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      Thanks so much for visiting our website and we're pleased you're interested in bee bricks. Each concrete bee hotel in our range provides a nesting site for solitary bees, unsung heroes of the pollinating world. They can be placed individually in the garden to provide habitat for bees and they will make a stylish feature.   beepot at chelsea flower show with alitex   They can also be used within construction, in place of a standard house brick or block, creating additional nesting and resting places for bees in the very framework of the house. They have been designed as a fit and forget component made from a standard building material, concrete, but created with nature very much in mind. Solitary bees don't produce honey and don't have a queen to protect which means that they aren't aggressive, most don't even have a sting, so they are completely safe and indeed fascinating for children and pets.   bee brick in action by green and blue great british bee count   We developed bee brick because we want to see a real change for the bees, we need to see a real change for the sake of biodiversity. In parts of China pollination is already undertaken by hand as there aren't the bees to do it, this is the future we face without bees.   bee bricks at chelsea flower show   You can start to be that change by using bee bricks in your building or simply within your garden. They can be built into new houses, extensions, retro-fitted, garden walls, anywhere you might be using bricks and blocks. So help save the bees today, use bee bricks, spread the word and do drop us a line if you have any questions or need any guidance on using our range.   Find out more about solitary bees here Find out more about bee bricks here Buy bee bricks here Contact us here.   bee-bricks-in-a-garden-wall   Claire-Kruse-bee-brick-in-action-image-3


      A journalist recently wrote that "sixties Brutalism is alive and well with Green&Blue's concrete bee hotels, and planters."   beepot bee hotel by green and blue inspired by the brutalist movement   The brutalist movement flourished in the 1960s-1970s. The term has been used to describe a type of architecture which is ugly and austere and commonly thought of as the back bone of welfare state architecture of the time, however this "truth to materials" approach was anti-aesthetic. Reynar Banham (Architecture critic) dubbed the post war school 'the New Brutalism', a movement which aimed, in his words, to "make the whole conception of the building plain and comprehensible. No mystery, no romanticism, no obscurities about function and circulation."   bee-friendly-planting-concrete-bee-hotel   Our designs endeavour to evoke a sense of simplicity through their functionality, their material longevity and purpose. We hope the juxtaposition between concrete and delicate planting providing sustenance to nurture the next generation of solitary bees will long out last the brutalist movement.   Green&Blue bee hotel stockist the Hepworth Gallery   Green&Blue stockist the Hepworth Gallery, Wakefield.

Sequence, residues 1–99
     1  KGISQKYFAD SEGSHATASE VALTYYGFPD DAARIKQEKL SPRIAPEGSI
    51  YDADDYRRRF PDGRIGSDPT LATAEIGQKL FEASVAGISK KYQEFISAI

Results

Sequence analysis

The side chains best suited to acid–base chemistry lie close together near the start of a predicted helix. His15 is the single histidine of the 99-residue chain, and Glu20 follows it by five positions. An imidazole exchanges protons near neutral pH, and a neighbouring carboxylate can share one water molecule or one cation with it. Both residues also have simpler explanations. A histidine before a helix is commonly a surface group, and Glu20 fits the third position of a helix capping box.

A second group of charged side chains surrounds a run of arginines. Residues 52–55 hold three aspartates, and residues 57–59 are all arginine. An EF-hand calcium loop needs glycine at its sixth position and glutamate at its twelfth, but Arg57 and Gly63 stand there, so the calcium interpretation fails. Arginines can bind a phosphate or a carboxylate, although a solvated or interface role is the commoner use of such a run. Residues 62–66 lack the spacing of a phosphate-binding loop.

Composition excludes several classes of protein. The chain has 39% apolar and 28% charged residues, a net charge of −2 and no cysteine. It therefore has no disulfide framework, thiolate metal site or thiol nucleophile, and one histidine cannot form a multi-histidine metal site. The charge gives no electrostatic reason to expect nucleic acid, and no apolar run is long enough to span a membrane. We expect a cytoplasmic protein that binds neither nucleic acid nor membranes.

Case Study: Bee brick used in extension

      Bee brick is a simple way to increase provision for wildlife and nature in your new build, extension, landscaping or development, and they can even be retrofitted.   Claire-Kruse-bee-brick-case-study   These images were sent to us by a customer in North Wiltshire who built a single unit into her extension project last year. Claire said "I saw them advertised just before we started our project and the brick was put in when we extended last year. I Wish I'd bought more now!"   Claire-Kruse-bee-brick-in-extension-image-2   On Instagram Claire has shared the image above which clearly shows several cavities are now occupied this year by nesting solitary bees.   Claire-Kruse-bee-brick-in-action-image-3   If you're embarking on a building project and want to do something to make your build that bit more sustainable and eco-friendly then you could create habitat for solitary bees by using bee brick. Find out more about solitary bees here and request more information or a quote for using bee brick here.